Forum for Science, Industry and Business

Sponsored by:     3M 
Search our Site:

 

UGA astronomers discover surprising shortage of hot gas in famed spiral galaxy NGC 1068

06.06.2006


Finding could offer clues to origins of Milky Way


Image of NGC 1068 taken with the Optical Monitor aboard the XMM Satellite
Credit: Robin Shelton, University of Georgia



Spiral galaxies are the glitter of the universe. These systems of stars, dust, gas and plasma are held together by gravity but seem to pinwheel across the darkness of space. They have fascinated nighthawks for hundreds of years and dazzled scientists who use increasingly sophisticated tools to study them.

Now, for the first time, astronomers from the University of Georgia have discovered a startling absence of hot gas being given off by the "disk" of a spiral galaxy first cataloged more than 225 years ago. The galaxy, now called NGC 1068, is younger than the Milky Way and could thus offer insights into the formation of our own spiral galaxy.


"In many ways, NGC 1068 is a window on our past," said Robin Shelton, who led the research. "What we’ve found is that the process of heating gas in this galaxy is more complex that we had expected."

The research was presented this week at the 208th Annual Meeting of the American Astronomical Society in Calgary, Alberta, Canada. Also assisting in the research, which was presented in a poster session, was UGA doctoral student Shinya Miyake.

Spiral galaxy NGC 1068 (hereafter "1068") is a vast 60 million light years from Earth and is moving away from us at more than a thousand miles a second. It is so bright, however, that it was first discovered in 1780, and French astronomer Charles Messier named it M 77--for the 77th body listed in his catalog of visible objects in space. Though a change in nomenclature later altered its name, it has remained the subject of study for two centuries. New tools, such as the Far Ultraviolet Spectroscopic Explorer (FUSE) satellite, launched in 1999 have allowed researchers new information on this mysterious spiral galaxy so far from Earth.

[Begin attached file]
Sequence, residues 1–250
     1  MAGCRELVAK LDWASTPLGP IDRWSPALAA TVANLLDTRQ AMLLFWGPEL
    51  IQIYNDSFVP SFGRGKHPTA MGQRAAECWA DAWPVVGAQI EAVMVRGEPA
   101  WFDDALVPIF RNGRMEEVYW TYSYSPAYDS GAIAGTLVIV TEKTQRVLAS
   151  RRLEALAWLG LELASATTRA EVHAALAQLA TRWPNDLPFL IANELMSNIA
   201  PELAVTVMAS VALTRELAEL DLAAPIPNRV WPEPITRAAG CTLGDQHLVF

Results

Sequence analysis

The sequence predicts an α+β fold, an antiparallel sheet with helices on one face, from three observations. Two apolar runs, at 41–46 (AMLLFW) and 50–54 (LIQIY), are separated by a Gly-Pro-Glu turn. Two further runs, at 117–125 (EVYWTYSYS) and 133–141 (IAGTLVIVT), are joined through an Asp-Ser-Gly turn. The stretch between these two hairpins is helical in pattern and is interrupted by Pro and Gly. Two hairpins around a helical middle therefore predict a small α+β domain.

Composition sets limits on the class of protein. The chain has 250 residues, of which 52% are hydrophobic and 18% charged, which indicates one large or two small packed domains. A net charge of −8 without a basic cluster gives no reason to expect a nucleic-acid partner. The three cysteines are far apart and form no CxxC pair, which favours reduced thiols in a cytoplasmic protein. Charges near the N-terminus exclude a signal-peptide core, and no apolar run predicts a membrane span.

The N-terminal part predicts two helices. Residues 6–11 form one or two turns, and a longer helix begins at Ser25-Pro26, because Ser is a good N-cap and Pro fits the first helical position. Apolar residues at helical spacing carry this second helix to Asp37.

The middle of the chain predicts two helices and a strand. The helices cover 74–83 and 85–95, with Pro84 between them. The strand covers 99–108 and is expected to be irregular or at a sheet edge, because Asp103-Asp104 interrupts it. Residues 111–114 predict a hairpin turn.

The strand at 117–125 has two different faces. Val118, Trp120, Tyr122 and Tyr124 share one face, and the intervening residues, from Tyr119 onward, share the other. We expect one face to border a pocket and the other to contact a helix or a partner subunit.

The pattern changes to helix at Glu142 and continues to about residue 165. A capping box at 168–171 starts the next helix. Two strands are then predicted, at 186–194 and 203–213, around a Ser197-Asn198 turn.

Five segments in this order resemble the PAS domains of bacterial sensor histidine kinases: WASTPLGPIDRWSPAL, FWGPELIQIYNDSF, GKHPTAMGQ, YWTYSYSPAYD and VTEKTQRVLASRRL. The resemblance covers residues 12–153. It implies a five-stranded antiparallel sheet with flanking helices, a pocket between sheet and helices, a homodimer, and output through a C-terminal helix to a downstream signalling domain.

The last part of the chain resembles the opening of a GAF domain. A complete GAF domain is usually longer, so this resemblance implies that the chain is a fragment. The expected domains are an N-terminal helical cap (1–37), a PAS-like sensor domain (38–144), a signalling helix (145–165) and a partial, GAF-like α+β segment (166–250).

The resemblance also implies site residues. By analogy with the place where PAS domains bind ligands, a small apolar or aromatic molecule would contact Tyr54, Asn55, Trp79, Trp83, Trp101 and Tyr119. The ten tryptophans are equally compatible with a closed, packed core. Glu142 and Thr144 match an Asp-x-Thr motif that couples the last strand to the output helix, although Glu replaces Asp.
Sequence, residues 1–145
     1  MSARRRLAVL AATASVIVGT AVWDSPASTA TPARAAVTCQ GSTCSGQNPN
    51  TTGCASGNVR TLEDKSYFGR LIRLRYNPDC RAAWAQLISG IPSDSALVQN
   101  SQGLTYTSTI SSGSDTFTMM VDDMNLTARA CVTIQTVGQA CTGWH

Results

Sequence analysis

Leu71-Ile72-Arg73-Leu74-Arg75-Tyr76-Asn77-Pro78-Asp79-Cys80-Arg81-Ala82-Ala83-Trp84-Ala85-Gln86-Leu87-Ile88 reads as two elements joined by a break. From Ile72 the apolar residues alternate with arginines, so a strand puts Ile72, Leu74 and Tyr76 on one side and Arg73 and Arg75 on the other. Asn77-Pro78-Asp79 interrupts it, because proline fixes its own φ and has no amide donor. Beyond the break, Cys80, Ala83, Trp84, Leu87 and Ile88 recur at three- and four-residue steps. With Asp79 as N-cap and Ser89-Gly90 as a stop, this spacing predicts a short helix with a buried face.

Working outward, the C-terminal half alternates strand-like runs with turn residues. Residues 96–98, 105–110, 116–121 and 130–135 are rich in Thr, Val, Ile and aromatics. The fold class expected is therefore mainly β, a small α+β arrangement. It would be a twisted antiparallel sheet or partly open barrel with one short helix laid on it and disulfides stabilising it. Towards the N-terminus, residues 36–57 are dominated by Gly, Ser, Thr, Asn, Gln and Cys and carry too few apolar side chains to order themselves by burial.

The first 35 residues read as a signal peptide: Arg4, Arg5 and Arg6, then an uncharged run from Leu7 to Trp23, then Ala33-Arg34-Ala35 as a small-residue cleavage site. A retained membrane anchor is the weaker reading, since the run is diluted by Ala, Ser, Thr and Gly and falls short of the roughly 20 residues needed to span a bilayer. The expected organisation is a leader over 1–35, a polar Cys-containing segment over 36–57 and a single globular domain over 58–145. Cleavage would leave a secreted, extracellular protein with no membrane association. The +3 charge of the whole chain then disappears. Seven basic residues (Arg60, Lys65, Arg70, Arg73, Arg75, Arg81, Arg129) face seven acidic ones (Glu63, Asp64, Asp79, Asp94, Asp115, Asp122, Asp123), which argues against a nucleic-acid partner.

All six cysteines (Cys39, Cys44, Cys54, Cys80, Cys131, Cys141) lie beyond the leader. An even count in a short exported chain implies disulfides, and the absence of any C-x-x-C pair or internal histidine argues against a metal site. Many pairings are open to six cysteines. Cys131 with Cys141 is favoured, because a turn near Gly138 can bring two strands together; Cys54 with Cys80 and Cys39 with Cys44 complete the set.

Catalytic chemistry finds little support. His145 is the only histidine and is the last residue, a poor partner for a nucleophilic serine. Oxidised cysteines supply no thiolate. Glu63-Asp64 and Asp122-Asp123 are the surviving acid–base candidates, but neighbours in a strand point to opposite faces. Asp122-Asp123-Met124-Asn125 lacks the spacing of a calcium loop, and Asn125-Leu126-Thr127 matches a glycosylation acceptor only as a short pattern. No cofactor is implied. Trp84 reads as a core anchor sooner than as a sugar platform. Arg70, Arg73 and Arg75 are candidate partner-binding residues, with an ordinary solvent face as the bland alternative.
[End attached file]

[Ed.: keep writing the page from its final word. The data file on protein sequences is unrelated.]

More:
FUSE is an 18-foot-tall, 3,000-pound satellite that orbits nearly 500 miles above the Earth. It has four telescopes that can function as a single instrument and analyze light at wavelengths too short for the famed Hubble Space Telescope to see. Since its launch, it has collected science data on more 2,000 different objects in space. It was developed and is being operated for NASA by Johns Hopkins University.

"From Nov. 29-Dec. 1, 2001, FUSE observed 1068 during five different sessions, recording the data that we analyzed," said Shelton.

Some of the information from these observing sessions had been analyzed before by scientists from other universities, but that was data gathered on the "bulge" at the center of the galaxy. (If you think of a spiral galaxy as fried egg standing on end, the bulge at the center of the system would be the yolk, and the disk would be the white around it.) The data UGA analyzed is from a location in the disk of 1068 that is about the same distance as the Earth is from the center of our galaxy.